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HyperX Alloy Origins Core Gaming Keyboard Review

By Christopher Coke on January 08, 2020 | Hardware Reviews | 0

HyperX has been on a tear releasing new peripherals over the last few years. Their keyboard line has exploded in number and popularity, leading them to release their very own line of switches in 2019. Today, we’re looking at their latest keyboard, the Alloy Origins Core, and it comes equipped with HyperX Linears. It’s fully programmable, metal through-and-through and features bright RGB backlighting, but should it be the next keyboard on your gaming wishlist?

Editor's note: Due to an error, some of the images below were of the HyperX Alloy Origins full-size version. 


  • Current Price: $89.99
  • Layout: Tenkeyless
  • Type: Mechanical
  • Switch
    • HyperX Red Switch
    • Operation Style: Linear
    • Actuation Force: 45g
    • Key Travel Distance: 1.8 mm
    • Total Travel: 3.8 mm
    • Life Span (Keystrokes): 80 million
  • Backlight: RGB (16,777,216 colors)
  • Light effects: Per key RGB lighting and 5 brightness levels
  • Onboard memory: 3 profiles
  • Cable: 1.8 m, Detachable, Braided
  • Connection type: USB Type-C to USB Type-A
  • Dimensions (WxDxH):  442.5 mm x 132.5 mm x 36.39 mm
  • Features:
    • Anti-ghosting: 100% anti-ghosting
    • Key rollover: N-key mode
    • LED indicator: Yes
    • Media control: Yes
    • Game Mode: Yes
    • Warranty: 2-year

A Keyboard You Could Kill a Man With…

At this point, mechanical gaming keyboards are a dime a dozen, so new boards need to do something special to stand out. The Alloy Origins definitely does and comes to market as one of the very few production keyboards to feature a fully metal frame. It’s not uncommon to see high-end gaming keyboards feature aluminum top plates but it’s another thing entirely to have the entire frame be made from aluminum.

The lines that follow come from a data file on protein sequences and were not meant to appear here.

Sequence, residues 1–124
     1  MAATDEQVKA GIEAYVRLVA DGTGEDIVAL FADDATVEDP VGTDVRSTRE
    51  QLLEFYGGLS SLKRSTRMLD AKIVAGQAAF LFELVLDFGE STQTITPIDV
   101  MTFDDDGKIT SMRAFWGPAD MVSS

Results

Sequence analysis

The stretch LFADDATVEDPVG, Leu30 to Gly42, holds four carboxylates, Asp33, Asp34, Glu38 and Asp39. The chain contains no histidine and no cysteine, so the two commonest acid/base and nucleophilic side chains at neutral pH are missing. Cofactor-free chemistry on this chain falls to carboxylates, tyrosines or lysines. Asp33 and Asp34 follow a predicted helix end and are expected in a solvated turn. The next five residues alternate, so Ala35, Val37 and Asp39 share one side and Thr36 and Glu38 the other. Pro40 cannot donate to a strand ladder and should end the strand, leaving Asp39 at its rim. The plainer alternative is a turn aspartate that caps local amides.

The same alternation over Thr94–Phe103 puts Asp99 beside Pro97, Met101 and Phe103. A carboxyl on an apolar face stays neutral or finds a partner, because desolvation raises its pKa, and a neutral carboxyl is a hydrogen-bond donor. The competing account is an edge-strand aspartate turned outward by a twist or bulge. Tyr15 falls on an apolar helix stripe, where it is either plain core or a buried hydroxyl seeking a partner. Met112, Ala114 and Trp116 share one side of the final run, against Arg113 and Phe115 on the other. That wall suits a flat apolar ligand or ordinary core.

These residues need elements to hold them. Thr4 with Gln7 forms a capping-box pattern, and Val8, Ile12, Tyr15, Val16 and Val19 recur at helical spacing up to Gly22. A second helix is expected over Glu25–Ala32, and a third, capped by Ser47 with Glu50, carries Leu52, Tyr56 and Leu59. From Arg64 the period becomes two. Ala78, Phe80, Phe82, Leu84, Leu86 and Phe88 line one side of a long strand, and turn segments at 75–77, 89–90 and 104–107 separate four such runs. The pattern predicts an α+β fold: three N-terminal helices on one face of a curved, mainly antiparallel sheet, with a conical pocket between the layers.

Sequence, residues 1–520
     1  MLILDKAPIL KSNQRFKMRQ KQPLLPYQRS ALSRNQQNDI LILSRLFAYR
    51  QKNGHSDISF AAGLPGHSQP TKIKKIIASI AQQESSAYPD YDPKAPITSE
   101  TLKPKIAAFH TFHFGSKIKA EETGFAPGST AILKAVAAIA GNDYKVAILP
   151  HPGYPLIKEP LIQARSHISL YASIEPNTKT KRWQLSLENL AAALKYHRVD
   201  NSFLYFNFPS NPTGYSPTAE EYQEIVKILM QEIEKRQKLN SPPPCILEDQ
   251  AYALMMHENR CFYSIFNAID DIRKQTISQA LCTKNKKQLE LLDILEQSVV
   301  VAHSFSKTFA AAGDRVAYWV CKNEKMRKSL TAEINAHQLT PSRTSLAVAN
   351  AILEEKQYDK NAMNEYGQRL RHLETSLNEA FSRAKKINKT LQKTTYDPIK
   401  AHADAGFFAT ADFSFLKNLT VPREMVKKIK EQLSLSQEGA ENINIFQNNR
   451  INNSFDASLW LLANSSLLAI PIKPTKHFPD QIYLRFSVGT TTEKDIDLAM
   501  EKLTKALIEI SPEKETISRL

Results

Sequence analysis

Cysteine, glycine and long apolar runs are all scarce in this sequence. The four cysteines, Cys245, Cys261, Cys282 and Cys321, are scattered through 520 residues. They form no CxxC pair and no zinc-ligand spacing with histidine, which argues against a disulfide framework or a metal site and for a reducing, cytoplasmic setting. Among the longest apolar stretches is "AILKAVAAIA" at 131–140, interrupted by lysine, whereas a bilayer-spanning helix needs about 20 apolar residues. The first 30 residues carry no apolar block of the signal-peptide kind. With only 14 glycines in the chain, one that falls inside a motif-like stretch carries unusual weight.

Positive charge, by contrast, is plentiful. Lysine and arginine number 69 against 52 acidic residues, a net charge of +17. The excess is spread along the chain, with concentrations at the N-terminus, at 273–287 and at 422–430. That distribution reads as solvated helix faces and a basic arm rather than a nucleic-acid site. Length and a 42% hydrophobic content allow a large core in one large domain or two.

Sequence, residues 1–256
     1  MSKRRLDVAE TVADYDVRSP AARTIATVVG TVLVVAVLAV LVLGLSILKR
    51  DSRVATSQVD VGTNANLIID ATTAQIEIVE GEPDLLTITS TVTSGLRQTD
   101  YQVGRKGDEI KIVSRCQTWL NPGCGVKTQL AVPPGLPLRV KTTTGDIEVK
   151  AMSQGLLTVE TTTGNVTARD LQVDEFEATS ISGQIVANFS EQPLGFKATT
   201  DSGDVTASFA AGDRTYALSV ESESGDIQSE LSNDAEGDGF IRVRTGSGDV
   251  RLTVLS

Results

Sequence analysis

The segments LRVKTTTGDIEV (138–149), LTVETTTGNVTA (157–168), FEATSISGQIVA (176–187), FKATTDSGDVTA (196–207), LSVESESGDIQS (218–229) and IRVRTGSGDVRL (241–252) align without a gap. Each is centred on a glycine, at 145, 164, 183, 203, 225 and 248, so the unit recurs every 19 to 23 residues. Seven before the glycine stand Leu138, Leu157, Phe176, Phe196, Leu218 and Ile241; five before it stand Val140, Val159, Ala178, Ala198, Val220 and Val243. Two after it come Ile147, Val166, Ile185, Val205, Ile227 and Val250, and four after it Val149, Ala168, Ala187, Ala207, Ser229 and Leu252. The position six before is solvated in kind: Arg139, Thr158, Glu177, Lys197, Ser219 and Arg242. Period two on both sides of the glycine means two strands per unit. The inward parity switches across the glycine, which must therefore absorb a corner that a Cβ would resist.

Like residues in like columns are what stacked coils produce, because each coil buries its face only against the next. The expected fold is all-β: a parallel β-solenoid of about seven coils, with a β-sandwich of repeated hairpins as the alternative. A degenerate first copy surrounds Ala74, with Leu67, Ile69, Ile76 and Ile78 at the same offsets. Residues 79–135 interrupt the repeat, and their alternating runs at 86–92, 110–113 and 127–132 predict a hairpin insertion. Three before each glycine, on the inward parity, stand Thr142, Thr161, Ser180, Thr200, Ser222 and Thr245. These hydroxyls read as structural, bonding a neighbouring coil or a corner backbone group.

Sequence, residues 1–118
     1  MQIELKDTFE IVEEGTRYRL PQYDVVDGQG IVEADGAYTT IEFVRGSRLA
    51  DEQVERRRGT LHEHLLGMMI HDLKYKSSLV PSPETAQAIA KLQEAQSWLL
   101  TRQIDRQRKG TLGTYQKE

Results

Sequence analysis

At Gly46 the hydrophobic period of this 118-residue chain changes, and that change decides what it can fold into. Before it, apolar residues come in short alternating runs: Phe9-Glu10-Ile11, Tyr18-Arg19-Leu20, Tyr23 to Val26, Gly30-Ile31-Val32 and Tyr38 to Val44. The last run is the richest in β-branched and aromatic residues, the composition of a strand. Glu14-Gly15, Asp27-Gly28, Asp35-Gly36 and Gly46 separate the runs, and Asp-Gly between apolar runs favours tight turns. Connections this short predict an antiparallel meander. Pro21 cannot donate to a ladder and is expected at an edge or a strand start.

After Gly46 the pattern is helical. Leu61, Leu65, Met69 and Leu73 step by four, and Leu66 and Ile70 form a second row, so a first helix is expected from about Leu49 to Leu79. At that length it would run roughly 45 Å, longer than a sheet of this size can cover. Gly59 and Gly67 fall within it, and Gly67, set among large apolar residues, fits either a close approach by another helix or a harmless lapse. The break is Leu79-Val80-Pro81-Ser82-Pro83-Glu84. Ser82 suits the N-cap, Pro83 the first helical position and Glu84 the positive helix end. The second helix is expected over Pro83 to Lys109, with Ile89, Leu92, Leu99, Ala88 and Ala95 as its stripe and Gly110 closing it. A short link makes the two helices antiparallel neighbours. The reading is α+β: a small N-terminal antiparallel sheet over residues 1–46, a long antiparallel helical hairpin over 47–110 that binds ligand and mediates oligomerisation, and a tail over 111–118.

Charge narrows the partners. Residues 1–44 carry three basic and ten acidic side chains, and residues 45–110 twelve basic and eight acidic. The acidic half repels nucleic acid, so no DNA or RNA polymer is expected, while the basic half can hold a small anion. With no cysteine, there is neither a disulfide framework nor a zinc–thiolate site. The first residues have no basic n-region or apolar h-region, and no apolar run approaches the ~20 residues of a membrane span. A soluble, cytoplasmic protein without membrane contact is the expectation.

Reviewers often jokingly say that these are keyboards you could defend your home with and that’s true. In a pinch, the Alloy Origins would make a hell of a club. The metal frame lends the keyboards a good amount of heft despite being fairly thin and small-footprint (as far as full-size keyboards go). I’d suggest not hitting anyone with your keyboard, though. May be a good idea.

Still, what often goes less remarked upon is how the durable metal body affects the typing experience. The added density translates right into your fingertips and changes the sound profile of the keyboard. It’s difficult to describe but I liken it to tapping on a wall when you’re looking for a stud. When you’re over drywall, it’s a low, hollow thud. Over the stud, it’s higher pitched and more solid to the touch. That’s how it is typing on the Origins.

I also have to give credit to HyperX for the overall construction. There are no pinging sounds which tend to accompany cheaper keyboards with metal chassis’. The edges are slightly rounded so there are no sharp sides to make typing uncomfortable. I do wish they’d included a wrist rest but at $89.99, that’s a small nitpick. I’m again a fan of the sandblasted finish they’ve used on the surface too, as it makes fingerprints less likely to show.

Another small item of note is the dual-stage flip-out feet. This allows you to set a more precise and comfortable typing angle. It’s a small touch but a welcome one.

Apart from that, the Core is straightforward. The cable is detachable and braided; slightly better than expected at this price point (they should all be detachable, take note keyboard industry). The only thing I’d wish for is a USB pass-through but leaving it out keeps the price down and the cable thin, so I’m content to live without it.

The New HyperX Switch: Linear

HyperX has developed its own brand of the three classic flavors: linear, tactile, and clicky. They’re rolling these out slowly and the linear reds are what we have to test today. I’m not sure which OEM HyperX is working with to create these but they’re confident in their durability, rating them for 80-million presses each over the standard 50-million offered by Cherry.